Paul go this. “I have become all things to all people so that by all possible means I might save some.” All possible means is pretty wide open. God is pretty creative sometimes. (like…a donkey!)

    • ndc

      I agree with what you are saying to a point. I am not arguing against it, but here are some things that come to my mind

      While it is true that the Holy Spirit will use whatever He chooses… the question is, IS this what he desires? I was on staff with a pastor who was that donkey that somehow God used. He was in deep sin, while reading a script of a sermon from a prominent pastor which you could purchase full manuscript sermons. It never seemed right at the time that he was just printing off sermons and sometimes not even changing them. Then, when the sin came out it made sense.

      I think the main point of the article is pointing more to the negative trends going on in the church today. Is God using it? Only He really knows. The more important question is, Is this what God desires to be happening? Or is it the church conforming to the culture, instead of transforming it? Just cause it works doesn’t mean it is God’s will, or His desire.

  • Derwin L. Gray

    Brilliant. Thank you.

  • JEB

    I feel your message and think that much of your message is not waiting for the future. To me the question is how will preaching be improved without practice? Many of the preachers I have heard recently seem to feel imitation is the way (easiest way) to become effective preachers.

  • Doug

    I find myself believing that preaching in the context of the traditional worship is now only appealing to a small percentage of Christians. Jesus, Paul, Wesley, and others went to where the people were. Whitefield for instance filled the streets with hearers.

    What if preaching is reaching to people by serving them at food banks, or free medical clinics, or being mentors in schools, not in terms of pressuring people to convert, but by persistent grace, mercy, and love. Of course, Jesus himself who offered healing was still tortured for offering love, grace, and mercy to the world. Still it strikes me that a newer paradigm than the sanctuary sermon, or stereo-typical street preaching is in order.

    A go to the people model seems to be called for in our time as Church attendance, save for the celebrity status Churches, is on the decline.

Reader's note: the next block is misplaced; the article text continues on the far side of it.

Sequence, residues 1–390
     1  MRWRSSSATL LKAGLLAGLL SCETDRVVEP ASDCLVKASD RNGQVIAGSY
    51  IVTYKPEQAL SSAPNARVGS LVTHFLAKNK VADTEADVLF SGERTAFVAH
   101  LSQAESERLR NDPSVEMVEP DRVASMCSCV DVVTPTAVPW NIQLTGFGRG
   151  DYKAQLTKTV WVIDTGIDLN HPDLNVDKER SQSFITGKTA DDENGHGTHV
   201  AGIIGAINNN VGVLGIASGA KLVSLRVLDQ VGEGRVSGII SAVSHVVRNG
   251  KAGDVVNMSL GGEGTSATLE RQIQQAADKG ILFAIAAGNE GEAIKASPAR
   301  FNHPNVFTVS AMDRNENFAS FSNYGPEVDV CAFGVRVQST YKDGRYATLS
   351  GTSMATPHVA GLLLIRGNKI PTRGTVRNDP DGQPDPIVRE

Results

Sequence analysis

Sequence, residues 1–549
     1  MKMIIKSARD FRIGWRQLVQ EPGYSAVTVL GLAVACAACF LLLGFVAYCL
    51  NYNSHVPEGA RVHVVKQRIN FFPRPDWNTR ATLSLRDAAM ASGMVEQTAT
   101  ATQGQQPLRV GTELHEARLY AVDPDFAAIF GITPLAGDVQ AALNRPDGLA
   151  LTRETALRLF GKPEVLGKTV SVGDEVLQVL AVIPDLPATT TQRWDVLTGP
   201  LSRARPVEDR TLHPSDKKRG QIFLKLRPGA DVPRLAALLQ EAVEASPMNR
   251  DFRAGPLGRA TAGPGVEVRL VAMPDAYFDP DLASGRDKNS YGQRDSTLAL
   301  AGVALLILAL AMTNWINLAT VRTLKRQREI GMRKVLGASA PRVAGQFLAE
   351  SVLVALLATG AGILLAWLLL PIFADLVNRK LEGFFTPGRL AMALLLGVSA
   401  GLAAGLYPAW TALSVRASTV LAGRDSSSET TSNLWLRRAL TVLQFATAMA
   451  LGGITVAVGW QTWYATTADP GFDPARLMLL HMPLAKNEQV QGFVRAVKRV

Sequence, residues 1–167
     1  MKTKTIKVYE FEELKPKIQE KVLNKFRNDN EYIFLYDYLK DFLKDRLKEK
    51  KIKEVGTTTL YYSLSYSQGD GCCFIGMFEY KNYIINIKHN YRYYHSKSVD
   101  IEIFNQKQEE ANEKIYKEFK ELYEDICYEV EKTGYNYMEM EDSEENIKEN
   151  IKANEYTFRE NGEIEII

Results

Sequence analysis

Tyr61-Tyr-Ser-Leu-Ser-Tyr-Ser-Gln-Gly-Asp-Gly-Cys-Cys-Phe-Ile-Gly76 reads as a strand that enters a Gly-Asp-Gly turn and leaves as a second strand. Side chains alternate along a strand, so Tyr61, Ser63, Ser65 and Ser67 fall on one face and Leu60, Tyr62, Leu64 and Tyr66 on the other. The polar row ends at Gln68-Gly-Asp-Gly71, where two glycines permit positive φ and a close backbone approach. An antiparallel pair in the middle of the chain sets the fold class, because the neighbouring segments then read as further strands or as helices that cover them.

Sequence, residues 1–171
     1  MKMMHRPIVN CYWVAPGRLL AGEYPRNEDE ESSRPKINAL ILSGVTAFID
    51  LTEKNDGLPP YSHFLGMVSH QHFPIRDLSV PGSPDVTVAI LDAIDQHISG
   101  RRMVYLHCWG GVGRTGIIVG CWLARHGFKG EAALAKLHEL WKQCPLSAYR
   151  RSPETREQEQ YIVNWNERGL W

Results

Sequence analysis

• Vincent Aja

    It is the time that everyone of us should get down to pray for God to intervene. This writer has foreseen something very important. The spiritual battle is not yet over (Ephesians 6:10-17). There are more than 2 billion people that have never heard the Good News about the Death, Burial, Resurrection and the Ascension of the Lord Jesus. Yet the Bible said that the Lord Jesus will never return; not until the gospel is proclaimed in every nation and tribes (Mathew 24:14, 28:19-20). Perhaps this is one reason that we have the internet, satellite- televisions and radios, but the problem is that those who have the Word of God that can “Transform” lives do not have the money to buy the Air Time. (And even when they have …some of the secular minded leaders at their local Churches would not permit Pastors to invest such huge money in the networking.) While it was only the salesmen and saleswomen that can through, or with their smart approach reach the world because they can easily find the money…. I think that this is the main problem, and besides this, nothing is wrong…. So our prayers should be that these smart talkers should reconsider the eternal consequences of their actions towards the Lord`s business. And return back to their First Love (Revelation 2:4).

  • Grady Walton

    Regarding #9: I wonder if Dr. Milioni has any thoughts on whether the massive Boomer generation will insist on embedding themselves in age-related enclaves within the church. As a Boomer, I long to connect with younger adults in the church but I also feel the powerful urge to hang with my age group. Short of re-learning to consume mass quantities of beer, developing my Tweeting skills, and playing “epic” bouts of video games, I have little idea how to connect with Xers and Mosaics.

  • Ryan

    I think preaching will always have a future. A bigger question is will it be an income for pastors? Good points about technology and internet usage. Like the postal service, I can see the internet hurting the business side of church. Has this contributed to church closings? I haven’t gone now for 3 years. How much has that cost what ever church(business) I could have attended? Children moving away from parents after high school and college breaks them the habit of going. The question is did they/can they retain a relationship with God without encouragement? I’m much older than college students. I’m more set in mind and haven’t forgotten God. I still pray every day. Bible reading is always up and down even the years in church. I attribute my continued desire for God to His Spirit. I think this article shows the direction things are going.